It is at this time that White Fang is separated from his mother, who is sold off to another Indian camp by Three Eagles. He realizes how hard life in the wild is when he runs away from camp, and earns the respect of Grey Beaver when he saves his son Mit-Sah from a group of boys seeking revenge for White Fang attacking one of them for trying to beat him for no reason. When a famine occurs, he runs away into the woods and encounters his mother Kiche, only for her to chase him away, for she has a new litter of cubs and has forgotten him. He also encounters Lip-Lip, whom he fights and kills before returning to the camp.
When White Fang is five years old, he is taken to Fort Yukon, so that Grey Beaver can trade with the gold-hunters. There, when Grey Beaver is drunk, White Fang is bought by an evil dog-fighter named "Beauty" Smith. White Fang defeats all opponents pitted against him, including several wolves and a lynx, until a bulldog called Cherokee is brought in to fight him. Cherokee has the upper hand in the fight when he grips the skin and fur of White Fang's neck and begins to throttle him. White Fang nearly suffocates, but is rescued when a rich, young gold hunter, Weedon Scott, stops the fight, and forcefully buys White Fang from Beauty Smith.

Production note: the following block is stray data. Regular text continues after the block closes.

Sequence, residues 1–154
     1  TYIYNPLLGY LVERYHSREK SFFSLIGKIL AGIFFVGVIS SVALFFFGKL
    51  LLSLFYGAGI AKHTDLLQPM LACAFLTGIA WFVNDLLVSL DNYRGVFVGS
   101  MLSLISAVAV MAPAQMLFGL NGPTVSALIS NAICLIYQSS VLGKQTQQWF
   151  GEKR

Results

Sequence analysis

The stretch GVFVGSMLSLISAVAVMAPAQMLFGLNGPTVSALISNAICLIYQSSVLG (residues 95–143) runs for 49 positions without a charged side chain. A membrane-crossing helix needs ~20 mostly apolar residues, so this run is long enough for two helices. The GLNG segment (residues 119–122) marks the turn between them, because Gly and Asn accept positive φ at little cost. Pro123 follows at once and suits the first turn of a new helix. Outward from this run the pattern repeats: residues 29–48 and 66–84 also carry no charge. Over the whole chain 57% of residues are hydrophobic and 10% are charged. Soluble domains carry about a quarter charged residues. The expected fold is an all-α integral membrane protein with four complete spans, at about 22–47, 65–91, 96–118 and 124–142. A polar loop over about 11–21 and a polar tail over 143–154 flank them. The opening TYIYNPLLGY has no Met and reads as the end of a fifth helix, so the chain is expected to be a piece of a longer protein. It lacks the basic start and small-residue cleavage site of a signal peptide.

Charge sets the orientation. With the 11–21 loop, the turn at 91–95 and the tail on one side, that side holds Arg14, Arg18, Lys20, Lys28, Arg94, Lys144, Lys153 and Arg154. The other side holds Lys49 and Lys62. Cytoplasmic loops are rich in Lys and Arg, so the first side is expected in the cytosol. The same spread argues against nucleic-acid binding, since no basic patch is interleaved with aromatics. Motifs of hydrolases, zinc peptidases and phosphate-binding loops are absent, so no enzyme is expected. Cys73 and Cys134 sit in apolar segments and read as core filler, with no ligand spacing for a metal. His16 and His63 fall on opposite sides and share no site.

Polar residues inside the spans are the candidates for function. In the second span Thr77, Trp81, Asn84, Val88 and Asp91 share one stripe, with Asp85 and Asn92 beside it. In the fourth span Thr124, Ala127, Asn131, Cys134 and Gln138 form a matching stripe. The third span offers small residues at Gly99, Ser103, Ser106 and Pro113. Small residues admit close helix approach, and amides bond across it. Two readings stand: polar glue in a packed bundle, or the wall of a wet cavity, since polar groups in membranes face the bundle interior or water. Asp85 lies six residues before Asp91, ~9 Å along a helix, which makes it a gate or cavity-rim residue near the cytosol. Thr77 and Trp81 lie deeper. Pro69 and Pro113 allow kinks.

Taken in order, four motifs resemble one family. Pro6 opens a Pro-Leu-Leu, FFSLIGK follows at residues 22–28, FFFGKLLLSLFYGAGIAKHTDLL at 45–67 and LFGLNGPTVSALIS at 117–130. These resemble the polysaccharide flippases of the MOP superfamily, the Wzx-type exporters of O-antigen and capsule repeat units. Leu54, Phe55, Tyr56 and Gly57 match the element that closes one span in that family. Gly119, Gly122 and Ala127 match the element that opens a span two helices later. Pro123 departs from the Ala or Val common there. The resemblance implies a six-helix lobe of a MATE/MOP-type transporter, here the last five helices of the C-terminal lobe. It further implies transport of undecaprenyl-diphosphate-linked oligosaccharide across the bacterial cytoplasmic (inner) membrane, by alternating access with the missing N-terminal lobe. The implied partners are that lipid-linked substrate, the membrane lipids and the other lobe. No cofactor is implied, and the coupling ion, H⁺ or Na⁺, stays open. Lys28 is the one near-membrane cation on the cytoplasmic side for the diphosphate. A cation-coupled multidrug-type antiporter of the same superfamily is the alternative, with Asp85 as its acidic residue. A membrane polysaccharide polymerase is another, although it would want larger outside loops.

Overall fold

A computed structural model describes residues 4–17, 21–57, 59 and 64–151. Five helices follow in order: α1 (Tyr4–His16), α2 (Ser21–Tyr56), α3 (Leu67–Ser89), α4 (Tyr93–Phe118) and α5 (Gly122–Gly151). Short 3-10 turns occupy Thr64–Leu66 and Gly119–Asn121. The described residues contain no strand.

Scott attempts to tame White Fang, and after a long, patient effort, he succeeds. When Scott attempts to return to California alone, White Fang pursues him, and Scott decides to take the dog with him back home. In Sierra Vista, White Fang must adjust to the laws of the estate. At the end of the book, an escaped convict, Jim Hall, tries to kill Scott's father, Judge Scott, for sentencing him to prison for a crime he did not commit, not knowing that Hall was "railroaded". White Fang kills Hall and is nearly killed himself, but survives. As a result, the women of Scott's estate name him "The Blessed Wolf". The story ends with White Fang relaxing in the sun with the puppies he has fathered with the sheep-dog Collie.